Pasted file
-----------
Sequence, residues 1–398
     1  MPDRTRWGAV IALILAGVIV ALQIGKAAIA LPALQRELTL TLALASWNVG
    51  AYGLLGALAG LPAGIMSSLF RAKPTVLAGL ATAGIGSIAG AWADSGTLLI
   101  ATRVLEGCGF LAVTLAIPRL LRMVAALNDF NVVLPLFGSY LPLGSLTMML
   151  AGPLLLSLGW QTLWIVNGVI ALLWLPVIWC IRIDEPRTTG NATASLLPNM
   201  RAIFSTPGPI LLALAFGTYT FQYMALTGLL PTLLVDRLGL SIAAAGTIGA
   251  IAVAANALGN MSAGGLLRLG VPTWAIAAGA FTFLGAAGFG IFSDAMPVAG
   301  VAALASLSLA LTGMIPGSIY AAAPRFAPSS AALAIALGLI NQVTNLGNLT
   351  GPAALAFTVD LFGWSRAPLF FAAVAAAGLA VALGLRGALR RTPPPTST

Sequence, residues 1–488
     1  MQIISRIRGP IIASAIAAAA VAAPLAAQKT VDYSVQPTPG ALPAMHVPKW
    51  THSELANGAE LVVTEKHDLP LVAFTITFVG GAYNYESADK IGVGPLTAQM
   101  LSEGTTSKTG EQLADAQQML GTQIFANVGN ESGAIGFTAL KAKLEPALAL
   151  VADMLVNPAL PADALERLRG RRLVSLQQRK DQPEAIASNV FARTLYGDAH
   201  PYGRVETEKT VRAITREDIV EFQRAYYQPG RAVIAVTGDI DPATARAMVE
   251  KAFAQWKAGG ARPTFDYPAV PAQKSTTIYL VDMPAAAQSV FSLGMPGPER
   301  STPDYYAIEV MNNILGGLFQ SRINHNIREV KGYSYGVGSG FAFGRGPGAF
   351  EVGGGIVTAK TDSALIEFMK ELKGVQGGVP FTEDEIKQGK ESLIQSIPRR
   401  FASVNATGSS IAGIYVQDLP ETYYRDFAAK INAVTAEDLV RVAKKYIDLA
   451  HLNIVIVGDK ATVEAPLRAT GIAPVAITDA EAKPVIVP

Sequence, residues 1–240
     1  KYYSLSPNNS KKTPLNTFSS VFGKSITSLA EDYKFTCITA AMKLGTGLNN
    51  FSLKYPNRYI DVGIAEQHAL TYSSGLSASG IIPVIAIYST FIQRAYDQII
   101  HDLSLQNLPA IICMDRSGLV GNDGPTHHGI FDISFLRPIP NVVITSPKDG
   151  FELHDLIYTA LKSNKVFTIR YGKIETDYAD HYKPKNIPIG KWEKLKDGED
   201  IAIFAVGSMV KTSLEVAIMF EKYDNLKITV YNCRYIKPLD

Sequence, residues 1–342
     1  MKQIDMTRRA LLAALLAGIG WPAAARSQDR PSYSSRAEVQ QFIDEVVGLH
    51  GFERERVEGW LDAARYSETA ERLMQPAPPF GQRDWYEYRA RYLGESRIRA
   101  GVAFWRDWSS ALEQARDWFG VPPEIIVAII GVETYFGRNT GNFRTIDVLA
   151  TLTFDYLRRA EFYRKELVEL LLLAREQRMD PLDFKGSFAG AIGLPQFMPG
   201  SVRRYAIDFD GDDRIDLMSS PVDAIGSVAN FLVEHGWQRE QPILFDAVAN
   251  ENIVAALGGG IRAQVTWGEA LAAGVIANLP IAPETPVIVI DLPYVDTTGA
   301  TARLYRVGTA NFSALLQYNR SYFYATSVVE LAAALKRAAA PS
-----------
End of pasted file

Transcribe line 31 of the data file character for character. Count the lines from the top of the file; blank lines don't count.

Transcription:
   151  TLTFDYLRRA EFYRKELVEL LLLAREQRMD PLDFKGSFAG AIGLPQFMPG